Some of your food sensitivites are a bit puzzling, they sound more like small bowel dysbiosis than colonic dysbiosis. You might have an odd gut flora.

    There is certainly hope.

    You might find a detoxification aid like charcoal, bentonite clay, or cholestyramine would help clear remaining acne. I would definitely take probiotics and eat fermented vegetables to try to improve flora. Anti-Candida treatments may be necessary to reduce systemic symptoms. I’ll have more in the Candida series.

    Best, Paul

  17. Thanks for the info Paul! I’ll have to try some of the detoxification aids.

    P.H.D. minus fruits actually reminds me quite a bit of the Body Ecology Diet for candida which I tried a while back. I was suspicious of carbs at the time and did it basically zero carb which was unsustainable. Maybe there was something too it though.

    Still prefer P.H.D. – more science and fewer strange rules. Thanks again!

  18. Hi Charlie,

    Candida does seem to love fructose, so I would recommend cutting fruits also in case of Candida infection. I still eat bananas and berries despite my Candida, but might do even better if I got rid of the bananas. They’re just too convenient / portable, and a good potassium source.

  19. Thanks, -. Wikipedia can be a great resource sometimes.

  20. Seriously interesting! since i caught my infection my cholesterol has increased, plus lately i have been defeating this bacterial disease with enzymes, and one very interesting this was, I WAS CRAVING ONLY OLIVE OIL AND BREAD, OLIVE OIL IS VERY HIGH IN CHOLESTEROL, AMAZING HU? Now i know why my body wants olive oil and generally fatty things, many thanks 4 this write up! 🙂

  21. funny how drs and society are telling us NOT to eat fat. cholesterol is the building blocks for our hormones too!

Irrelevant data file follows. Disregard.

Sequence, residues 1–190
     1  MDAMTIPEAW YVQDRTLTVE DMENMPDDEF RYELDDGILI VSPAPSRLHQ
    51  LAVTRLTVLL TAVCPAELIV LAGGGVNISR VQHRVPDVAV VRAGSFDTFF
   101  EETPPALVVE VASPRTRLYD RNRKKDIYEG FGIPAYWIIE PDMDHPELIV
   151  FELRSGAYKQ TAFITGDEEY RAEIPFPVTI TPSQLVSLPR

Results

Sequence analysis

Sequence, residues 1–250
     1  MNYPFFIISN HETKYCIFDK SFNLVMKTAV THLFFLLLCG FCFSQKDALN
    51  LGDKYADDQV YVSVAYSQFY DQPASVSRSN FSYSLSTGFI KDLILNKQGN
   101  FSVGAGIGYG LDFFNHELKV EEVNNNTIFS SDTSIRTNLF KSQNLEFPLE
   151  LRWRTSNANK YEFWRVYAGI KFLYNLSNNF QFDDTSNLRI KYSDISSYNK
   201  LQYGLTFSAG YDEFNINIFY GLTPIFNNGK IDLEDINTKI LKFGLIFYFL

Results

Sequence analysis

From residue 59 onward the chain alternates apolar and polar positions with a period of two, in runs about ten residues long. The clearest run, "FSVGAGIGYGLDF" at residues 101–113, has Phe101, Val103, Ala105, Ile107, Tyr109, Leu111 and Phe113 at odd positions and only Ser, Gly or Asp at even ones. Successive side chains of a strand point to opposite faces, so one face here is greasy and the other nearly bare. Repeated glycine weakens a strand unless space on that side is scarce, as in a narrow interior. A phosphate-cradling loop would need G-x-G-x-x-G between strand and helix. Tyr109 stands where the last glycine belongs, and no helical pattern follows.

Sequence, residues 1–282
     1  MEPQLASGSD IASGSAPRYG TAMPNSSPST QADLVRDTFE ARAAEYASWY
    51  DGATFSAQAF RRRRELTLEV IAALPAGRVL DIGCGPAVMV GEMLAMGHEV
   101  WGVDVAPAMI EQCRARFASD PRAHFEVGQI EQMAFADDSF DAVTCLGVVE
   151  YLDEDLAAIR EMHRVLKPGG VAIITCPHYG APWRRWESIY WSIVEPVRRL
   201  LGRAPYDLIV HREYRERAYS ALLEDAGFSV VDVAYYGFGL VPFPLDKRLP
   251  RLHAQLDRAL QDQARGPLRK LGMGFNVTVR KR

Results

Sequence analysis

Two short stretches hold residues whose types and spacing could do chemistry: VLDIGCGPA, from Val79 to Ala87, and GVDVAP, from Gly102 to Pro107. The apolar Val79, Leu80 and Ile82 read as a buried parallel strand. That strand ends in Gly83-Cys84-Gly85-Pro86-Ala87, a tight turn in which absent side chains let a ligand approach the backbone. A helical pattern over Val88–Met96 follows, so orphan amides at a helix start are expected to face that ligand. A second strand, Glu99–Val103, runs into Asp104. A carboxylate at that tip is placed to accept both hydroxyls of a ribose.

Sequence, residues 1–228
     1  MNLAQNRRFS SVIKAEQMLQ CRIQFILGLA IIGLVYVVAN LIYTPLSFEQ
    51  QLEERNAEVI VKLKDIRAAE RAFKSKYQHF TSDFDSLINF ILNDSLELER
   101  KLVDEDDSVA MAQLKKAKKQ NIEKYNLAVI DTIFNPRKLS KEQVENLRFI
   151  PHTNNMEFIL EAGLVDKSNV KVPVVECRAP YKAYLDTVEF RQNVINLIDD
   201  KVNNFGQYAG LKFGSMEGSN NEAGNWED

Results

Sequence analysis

22. Why can low-carb, or very low-carb, encourage, or be conducive to, Candida?

    Thank you.

    p.s. lamb’s liver (I haven’t checked the others) has as much potassium, per unit weight, as banana, although it might not be as convenient, or as palatable, to everyone.

  23. Hi Mike,

    Ketones are conducive to Candida, because it can metabolize them and ketones are water-soluble and diffuse into Candida cells freely, so they are a highly available food source even intracellularly.

    Very low-carb diets trigger ketone production to conserve protein, which would otherwise have to be converted to glucose via gluconeogenesis.

    Lamb’s liver is a great food, but you can only eat so much liver — due to vitamin A and copper toxicity, as well as palatability.

    Best, Paul

  24. Blood Lipids and Infectious Disease, Part II | Low Carb Daily - pingback on August 4, 2011 at 12:07 pm
  25. I’m still reading and researching, and read somewhere (sorry I don’t know where) that when you are fighting candida then your body can’t effectively fight viruses. This might explain why my EBV titers remain so high.

    In researching candida, Paul, your diet is the only one to my understanding that encourages more carbs. Most say to eat 50 grams or less. If I am understanding this blog(and your book)correctly, you recommend up to 600 calories per day from safe carbohydrates.

    My symptoms (swelling hands, body pain, night sweats, weak legs, general feeling of being unwell) have been difficult, migratory and baffling to doctors. I have constant recurring fungal infections, for which I am now on a third 4 week course of Diflucan (150 mg once a week). The latest rheumatologist is now suggesting Cymbalta. I’m not going there. First, I’m not depressed, and second, this is most certainly an “off label” use for Cymbalta. He also recommended that I try Evista (a SERMS), which sounds also “off label), as I do not have osteoporosis. I do have low neutrophils, however. My next step is to be evaluated at the Hershey Medical Center in Hershey, PA just to be sure I don’t have something significant that doctors here are missing.